Former Bombay High Court judge, Justice Vijaya Kamlesh Tahilramani was sworn in as Chief Justice of the Madras High Court by Governor Banwarilal Purohit on Sunday. The ceremony that took place in the Raj Bhavan saw the Governor administering the oath of office to the new Chief Justice.
Present at this event were Chief Minister Edappadi K Palaniswami, state ministers, former Chief Justice of Madras High Court and current Supreme Court Judge Indira Banerjee, judges from the Madras High Court, Chief Secretary Girija Vaidyanathan and other senior officials.
TN's new Chief Justice
Born in 1958, the 60-year-old Chief Justice enrolled into the Bar Council of Maharashtra and Goa in 1982. She was also working part-time as faculty in the KC Law College between 1987 and 1993. She practiced as a lawyer in both the Bombay High Court and in City Civil and Sessions courts in Mumbai.
Vijaya Kamlesh Tahilramani has handled multiple cases as a Government Pleader and Public Prosecutor on the appellate side. These reportedly range from matters that fell under the National Security Act to cases regarding the Narcotic Drugs and Psychotropic substances act.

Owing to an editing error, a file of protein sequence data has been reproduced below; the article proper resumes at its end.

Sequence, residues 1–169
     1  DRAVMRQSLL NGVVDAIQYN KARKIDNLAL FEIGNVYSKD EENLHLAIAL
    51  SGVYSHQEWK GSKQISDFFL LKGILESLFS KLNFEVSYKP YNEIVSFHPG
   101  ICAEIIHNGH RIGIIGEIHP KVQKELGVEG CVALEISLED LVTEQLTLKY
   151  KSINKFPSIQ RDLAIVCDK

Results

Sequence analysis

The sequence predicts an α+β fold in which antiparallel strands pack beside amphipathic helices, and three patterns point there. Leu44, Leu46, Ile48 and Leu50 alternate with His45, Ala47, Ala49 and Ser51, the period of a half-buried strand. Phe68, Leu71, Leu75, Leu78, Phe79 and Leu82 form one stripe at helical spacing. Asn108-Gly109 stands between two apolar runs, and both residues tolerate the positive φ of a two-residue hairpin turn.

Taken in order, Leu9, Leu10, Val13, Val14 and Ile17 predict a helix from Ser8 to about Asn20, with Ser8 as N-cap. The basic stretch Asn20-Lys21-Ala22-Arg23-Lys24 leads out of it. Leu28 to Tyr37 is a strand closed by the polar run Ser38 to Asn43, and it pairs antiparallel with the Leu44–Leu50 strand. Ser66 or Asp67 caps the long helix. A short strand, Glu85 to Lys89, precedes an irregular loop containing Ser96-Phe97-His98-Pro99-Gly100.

Justice Vijaya was elevated as a judge in 2001 at the Bombay High Court. She also briefly served as the acting Chief Justice several times. She was appointed as Acting CJ for the first time after Chief Justice Mohit Shah retired in 2015, and then again in 2016 when Chief Justice DH Waghela retired. She took over for the third time in 2017 when CJ Manjula Chellur retired.
In one of her last judgements for the Bombay High Court, she rejected the plea of a 1993 serial blasts convict to be released on parole to attend to his ailing wife.
"Consideration of sympathy for him cannot be permitted to overshadow the consideration regarding security of the society," the division bench of the acting Chief Justice and another judge had observed.
Justice Vijaya is the third woman to assume the charge of Chief Justice at the Madras High Court. With her appointment the Madras High Court will continue to have the highest number of women judges across High Courts in the country. The Madras High Court will thus continue to have 12 women judges on the Bench.